employee benefits

employee benefitsChoosing a benefits plan for your employees is only half the battle. The other half is communicating the benefits plan to your employees.

While there are laws that cover exactly when and how long an employer has to communicate any new plans or amendments to employees, communicating this information only once is not enough. In fact, according to a 2015 survey conducted by Aflac, only 13% of employers feel that they are communicating their benefits effectively. On the flip side, nearly half of the employees who were surveyed in the same study reported that they do not adequately manage their health insurance. Forty-six percent said that they don’t have the time or knowledge to manage their healthcare.

Since benefits are so integral to an employee’s compensation package, as well as their health insurance, these numbers are shocking. So what can you do, as an employer, when handing out information packets and sending emails is not sufficient to keep your employees informed and up-to-date about their benefits?

#1: Take initiative.

Don’t wait for employees to approach you with questions. The Aflac report also showed that despite employees wanting to be more informed, over half spend only 30 minutes or less when it comes to choosing their health plans. So while HR certainly can’t make anyone understand, they can try their best to help. This means taking the initiative when it comes to communicating about employee benefits. When HR takes initiative, employees benefit by gaining a broader and more in-depth understanding, and the company benefits by having more satisfied employees.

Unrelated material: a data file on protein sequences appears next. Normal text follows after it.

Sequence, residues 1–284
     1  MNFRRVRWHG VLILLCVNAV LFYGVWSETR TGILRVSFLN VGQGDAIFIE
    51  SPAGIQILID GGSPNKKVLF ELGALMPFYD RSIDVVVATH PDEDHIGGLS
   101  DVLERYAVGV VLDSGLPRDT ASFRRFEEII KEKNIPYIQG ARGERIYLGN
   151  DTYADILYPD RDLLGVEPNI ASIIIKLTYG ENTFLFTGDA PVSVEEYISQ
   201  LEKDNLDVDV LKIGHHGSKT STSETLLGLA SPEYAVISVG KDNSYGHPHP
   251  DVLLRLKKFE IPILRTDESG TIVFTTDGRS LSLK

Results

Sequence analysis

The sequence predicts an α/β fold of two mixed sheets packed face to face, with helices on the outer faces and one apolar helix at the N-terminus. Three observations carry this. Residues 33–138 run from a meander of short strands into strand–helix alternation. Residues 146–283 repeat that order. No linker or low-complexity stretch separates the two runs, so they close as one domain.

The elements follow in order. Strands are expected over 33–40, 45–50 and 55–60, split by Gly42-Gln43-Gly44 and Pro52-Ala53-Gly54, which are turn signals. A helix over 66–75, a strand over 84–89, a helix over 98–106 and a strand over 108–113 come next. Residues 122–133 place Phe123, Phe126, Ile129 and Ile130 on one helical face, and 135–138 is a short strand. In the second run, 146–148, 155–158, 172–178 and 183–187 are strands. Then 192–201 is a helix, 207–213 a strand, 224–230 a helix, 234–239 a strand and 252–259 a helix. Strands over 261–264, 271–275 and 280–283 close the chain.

#2: Schedule quarterly meetings.

Instead of communicating only when you have to (whether it is via email, handouts or mail, which is still used for employee benefits info), schedule at least four meetings a year so that you can review your current plan or communicate changes. If your company is very large, one-on-one meetings may be impractical, so a full-staff meeting is fine, with the option for employees to schedule personal meetings with HR should they wish. If your company is small, one-on-one meetings can suffice as an effective way to communicate information and build rapport.

#3: Keep your door open.

While we encourage employers to take initiative in keeping their employees informed, it shouldn’t be a one-way street. Employees should know that they can approach HR with any questions they have. This goes a long way toward helping them understand their benefits and creating a company culture of transparency.

If you would like guidance about how to keep the lines of communication open in your company, contact Corporate Financial today.